DanceSyndrome’s inspirational founder, Jen Blackwell, has been recognised with a British Empire Medal (BEM) for services to Disabled People in the first King’s birthday honours.
Jen Blackwell is 41 and lives in Chorley. Her greatest passion in life is dance. Jen also has Down’s syndrome but has never let her disability stop her from living life to the full. After she left school, Jen and her mum, Sue, spent 10 years searching for the right dance training opportunities that would allow her to follow her dream to be a Dance Leader and performer. After all those years of searching, they couldn’t find anything that was accessible for Jen because of her learning disability, so in 2009 they took matters into their own hands and set up their own charity, DanceSyndrome.
After 14 years of striving to inspire people in all areas of life to become more inclusive, Jen has been recognised in the 2023 King’s birthday honours. As announced on the 17th June 2023 in an exclusive supplement in The Gazette, Jen has been awarded The British Empire Medal (BEM). The BEM recognises an achievement or contribution of a very “hands-on” service to the community in a local geographical area. This often takes the form of sustained commitment in support of very local charitable and/or voluntary activity; or innovative work that has delivered real impact.
Presentations of BEMs are made locally by The Lord Lieutenant of Lancashire and Jen will be invited to celebrate her achievement later in the year at a garden party at Buckingham Palace.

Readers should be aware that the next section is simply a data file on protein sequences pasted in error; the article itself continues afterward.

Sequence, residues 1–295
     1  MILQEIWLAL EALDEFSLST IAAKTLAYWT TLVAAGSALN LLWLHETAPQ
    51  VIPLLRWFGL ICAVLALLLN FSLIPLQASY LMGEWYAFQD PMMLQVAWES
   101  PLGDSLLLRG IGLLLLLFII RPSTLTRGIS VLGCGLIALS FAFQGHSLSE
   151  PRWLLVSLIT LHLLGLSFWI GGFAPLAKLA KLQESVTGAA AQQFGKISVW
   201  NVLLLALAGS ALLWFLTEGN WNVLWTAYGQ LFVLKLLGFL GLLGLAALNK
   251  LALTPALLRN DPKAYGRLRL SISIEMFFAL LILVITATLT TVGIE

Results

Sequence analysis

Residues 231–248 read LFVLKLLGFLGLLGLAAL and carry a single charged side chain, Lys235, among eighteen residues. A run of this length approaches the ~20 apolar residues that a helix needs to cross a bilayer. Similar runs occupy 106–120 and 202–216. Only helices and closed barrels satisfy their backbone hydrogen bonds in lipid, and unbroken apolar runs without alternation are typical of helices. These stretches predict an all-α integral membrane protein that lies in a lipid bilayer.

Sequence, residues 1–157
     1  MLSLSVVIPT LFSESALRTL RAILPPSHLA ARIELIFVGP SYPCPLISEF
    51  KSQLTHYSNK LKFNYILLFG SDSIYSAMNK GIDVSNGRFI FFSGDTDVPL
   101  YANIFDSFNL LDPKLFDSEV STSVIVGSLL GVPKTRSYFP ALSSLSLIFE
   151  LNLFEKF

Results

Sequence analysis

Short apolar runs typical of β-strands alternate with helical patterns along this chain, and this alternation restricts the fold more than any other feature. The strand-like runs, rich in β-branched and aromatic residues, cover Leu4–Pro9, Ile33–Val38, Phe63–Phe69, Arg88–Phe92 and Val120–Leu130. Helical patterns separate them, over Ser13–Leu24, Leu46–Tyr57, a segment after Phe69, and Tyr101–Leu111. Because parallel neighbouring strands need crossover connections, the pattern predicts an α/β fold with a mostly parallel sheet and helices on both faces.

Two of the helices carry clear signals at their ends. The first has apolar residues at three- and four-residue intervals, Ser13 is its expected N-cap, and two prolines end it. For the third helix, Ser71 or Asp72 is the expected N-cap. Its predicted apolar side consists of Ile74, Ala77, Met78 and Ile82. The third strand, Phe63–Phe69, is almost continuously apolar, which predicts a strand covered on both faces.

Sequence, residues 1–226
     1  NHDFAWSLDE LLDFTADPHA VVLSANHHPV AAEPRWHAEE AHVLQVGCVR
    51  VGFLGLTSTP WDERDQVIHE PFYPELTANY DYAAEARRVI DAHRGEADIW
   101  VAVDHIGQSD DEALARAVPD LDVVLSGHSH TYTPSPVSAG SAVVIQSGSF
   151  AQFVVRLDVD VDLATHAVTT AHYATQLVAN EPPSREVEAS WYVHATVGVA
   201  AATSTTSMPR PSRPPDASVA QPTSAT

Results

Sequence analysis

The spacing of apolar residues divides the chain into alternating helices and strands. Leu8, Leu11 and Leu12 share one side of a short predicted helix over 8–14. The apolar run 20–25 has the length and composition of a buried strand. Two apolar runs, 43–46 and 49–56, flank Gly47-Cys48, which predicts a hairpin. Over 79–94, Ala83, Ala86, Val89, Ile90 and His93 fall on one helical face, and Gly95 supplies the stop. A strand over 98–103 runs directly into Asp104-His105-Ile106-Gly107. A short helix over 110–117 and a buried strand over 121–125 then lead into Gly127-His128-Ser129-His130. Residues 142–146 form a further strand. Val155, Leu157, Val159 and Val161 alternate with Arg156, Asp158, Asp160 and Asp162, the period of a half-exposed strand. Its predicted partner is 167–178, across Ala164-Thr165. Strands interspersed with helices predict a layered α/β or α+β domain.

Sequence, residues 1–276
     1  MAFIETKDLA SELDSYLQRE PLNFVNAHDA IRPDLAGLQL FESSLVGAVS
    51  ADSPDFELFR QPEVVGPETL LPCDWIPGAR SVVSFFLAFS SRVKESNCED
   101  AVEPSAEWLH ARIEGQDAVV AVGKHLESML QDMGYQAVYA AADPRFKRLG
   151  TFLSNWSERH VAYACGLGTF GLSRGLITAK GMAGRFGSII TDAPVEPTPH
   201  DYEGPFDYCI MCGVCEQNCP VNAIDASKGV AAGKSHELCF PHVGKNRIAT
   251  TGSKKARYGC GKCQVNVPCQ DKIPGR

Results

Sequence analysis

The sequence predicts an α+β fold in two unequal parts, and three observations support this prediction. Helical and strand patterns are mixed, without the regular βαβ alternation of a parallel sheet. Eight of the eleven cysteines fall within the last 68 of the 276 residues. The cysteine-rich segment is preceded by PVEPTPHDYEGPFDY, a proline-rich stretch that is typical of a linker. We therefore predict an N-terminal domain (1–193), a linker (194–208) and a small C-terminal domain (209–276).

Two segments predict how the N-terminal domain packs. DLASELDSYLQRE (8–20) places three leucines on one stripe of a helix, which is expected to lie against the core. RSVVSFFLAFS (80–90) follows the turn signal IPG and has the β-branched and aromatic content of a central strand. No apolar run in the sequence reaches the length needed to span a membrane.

This is not the first time that Jen and the DanceSyndrome team have been recognised for their work. The charity has been the recipient of many local and national awards over the last 10 years, most notably receiving the Queen’s Award for Voluntary Service, the MBE equivalent for volunteer groups in 2019. This prestigious honour recognises the exceptional contributions made to local communities by groups voluntarily devoting their time for the benefit of others. Jen was thrilled to be invited to Buckingham Palace to celebrate achieving this award.
Jen said “I’m amazed to receive this honour for what I love doing. I’m proud of who I am and the achievements of DanceSyndrome. It’s an honour to inspire others to dance and live a life of their choosing. I believe that everybody can dance and do things they love no matter how other people define us.”
DanceSyndrome Managing Director Julie Nicholson said “Everyone at DanceSyndrome is so proud of Jen and we are thrilled to see her recognised in the King’s birthday honours. This is so well deserved after many years of hard work on the part of Jen, her family, and the team of dancers. Jen has always wanted to change the world through her dance and when she is given accolades like this it demonstrates the huge difference that one person can make if they are determined and dedicated. It’s great to see success on this level and really shows what can be achieved when people with learning disabilities are properly included and supported to follow their dreams.”
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